Commentary

Conservatives Win Victories Tuesday Night In Portland, Elsewhere

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With a $1.3 million campaign that dominated their opponents, it was no surprise that Question 1 supporters were able to claim victory Tuesday night.  At the end of the night, liberals had won on the most high-profile issue of the 2015 election cycle.

The real story, however, is the conservative victories at the local level.

Republicans won both special elections for the House of Representatives on Tuesday night.  While that’s hardly enough to change the balance of power in the House, the Maine GOP hailed their victory as a win for conservatives.

“These results show what we at the Maine GOP already knew – our message, our principles, and our candidates can win anywhere,” said Maine Republican Party Chairman Rick Bennett. “Going forward, Democrats should know that their liberal agenda will be challenged at every turn, and defeated.”

Conservatives were able to claim mixed wins in the state’s three major mayoral races.  In Auburn, incumbent Republican Jonathan LaBonte decisively won reelection.  In neighbouring Lewiston, incumbent mayor Republican Bob Macdonald came close to defeating progressive candidate Ben Chin, and both will now head into a runoff election.  While this may not sound like a conservative victory on its face, context is important here.  Ben Chin has raised over $60,000 so far in his campaign, and was still raising money on election day.  His opponent, Macdonald, had raised less than $2,000 according to his last campaign finance filing.  In addition to vastly outspending his opponent, Ben Chin has also wielded the full power of his far-left political organization, the Maine People’s Alliance, to organize in Lewiston.  Despite a well-stocked war chest and the backing of the state’s largest progressive organization, Chin only won by a few hundred votes, which bodes well for Macdonald in the runoff election.

While no conservative candidates for mayor were on the ballot in Portland, it was Ethan Strimling, largely considered the least progressive of the three mayoral candidates, who commanded over 50% of the vote and will be the city’s next mayor.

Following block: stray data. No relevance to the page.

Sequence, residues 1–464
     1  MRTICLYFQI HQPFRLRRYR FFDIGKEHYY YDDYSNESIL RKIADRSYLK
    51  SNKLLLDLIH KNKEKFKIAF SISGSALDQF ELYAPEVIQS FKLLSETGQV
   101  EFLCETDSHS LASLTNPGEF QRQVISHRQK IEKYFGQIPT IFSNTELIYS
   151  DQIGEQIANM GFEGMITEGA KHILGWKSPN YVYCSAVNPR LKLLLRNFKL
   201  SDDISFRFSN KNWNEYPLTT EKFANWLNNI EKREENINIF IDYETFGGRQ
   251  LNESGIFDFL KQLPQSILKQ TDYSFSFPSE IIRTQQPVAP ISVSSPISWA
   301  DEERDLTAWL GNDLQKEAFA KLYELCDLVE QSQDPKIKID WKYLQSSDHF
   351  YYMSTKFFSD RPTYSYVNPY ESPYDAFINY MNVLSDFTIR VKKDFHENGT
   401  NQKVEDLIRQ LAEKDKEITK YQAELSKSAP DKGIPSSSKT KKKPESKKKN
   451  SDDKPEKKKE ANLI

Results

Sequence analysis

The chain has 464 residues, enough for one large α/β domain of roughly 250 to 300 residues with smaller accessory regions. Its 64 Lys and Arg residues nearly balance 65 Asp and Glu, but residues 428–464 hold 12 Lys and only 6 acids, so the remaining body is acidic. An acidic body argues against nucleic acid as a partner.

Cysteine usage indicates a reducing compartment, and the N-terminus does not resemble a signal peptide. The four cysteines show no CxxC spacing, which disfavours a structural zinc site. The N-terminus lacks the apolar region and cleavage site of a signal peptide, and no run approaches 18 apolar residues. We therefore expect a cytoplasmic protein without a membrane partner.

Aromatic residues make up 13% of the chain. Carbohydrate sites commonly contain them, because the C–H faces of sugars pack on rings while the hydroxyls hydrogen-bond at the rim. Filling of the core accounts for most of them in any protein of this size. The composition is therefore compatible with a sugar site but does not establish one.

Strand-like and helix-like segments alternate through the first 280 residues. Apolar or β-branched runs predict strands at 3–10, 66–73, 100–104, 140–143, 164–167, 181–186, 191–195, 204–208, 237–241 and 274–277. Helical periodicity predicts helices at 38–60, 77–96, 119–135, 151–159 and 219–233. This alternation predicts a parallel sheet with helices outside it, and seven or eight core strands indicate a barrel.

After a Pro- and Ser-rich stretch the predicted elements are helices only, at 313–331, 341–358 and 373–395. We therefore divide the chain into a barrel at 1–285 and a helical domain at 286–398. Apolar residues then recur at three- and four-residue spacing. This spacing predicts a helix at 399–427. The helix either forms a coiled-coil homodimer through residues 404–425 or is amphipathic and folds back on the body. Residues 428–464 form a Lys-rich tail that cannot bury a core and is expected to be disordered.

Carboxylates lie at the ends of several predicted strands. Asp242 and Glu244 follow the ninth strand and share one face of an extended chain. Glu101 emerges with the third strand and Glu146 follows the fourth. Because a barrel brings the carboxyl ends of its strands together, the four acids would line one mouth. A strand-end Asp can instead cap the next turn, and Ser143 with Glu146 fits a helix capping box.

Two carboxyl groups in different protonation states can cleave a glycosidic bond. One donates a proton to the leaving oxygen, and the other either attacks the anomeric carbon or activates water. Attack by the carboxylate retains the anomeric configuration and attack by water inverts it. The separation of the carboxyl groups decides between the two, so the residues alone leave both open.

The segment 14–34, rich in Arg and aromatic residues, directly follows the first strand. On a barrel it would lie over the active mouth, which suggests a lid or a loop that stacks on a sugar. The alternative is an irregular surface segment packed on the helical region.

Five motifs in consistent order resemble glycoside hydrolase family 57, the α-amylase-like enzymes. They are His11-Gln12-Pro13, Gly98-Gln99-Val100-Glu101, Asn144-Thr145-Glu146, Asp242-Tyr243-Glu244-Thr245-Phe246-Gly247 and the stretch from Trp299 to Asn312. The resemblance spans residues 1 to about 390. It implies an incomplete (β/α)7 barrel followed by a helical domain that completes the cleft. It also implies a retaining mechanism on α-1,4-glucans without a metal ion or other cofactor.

In addition, conservatives claimed victory on both municipal referenda in Portland.  Voters in Maine’s most liberal city struck down a $15 minimum wage as well as a scenic viewpoint ordinance which could have crushed economic development in Portland.  While Portland is hardly a bastion of conservative policy, Tuesday’s vote shows that there are limits to how far a city, even one as liberal as Portland. is willing to go.  By electing the least progressive mayoral candidate and striking down two liberal referenda, Portland voters are sending signals that they may be growing tired of the city’s ongoing march to the left.

With an onslaught of out-of-state funding from national progressive organizations, supporters of Question 1 in Maine easily claimed victory on election night.  However, Maine’s professional Left should be concerned with the results at the local level. While conservatives were unable to overcome the national progressive forces behind Question 1, they were able resist the liberal agenda elsewhere in Maine, defeating ballot initiatives in Portland and pushing back against the Maine People’s Alliance in Lewiston.

 

 

About Nathan Strout

Nathan Strout is a Development Associate with The Maine Heritage Policy Center as well as a staff writer for The Maine Wire. Born and raised in Portland, Strout is a graduate of Eastern University with a B.A. in Political Science and a minor in Legal Studies.

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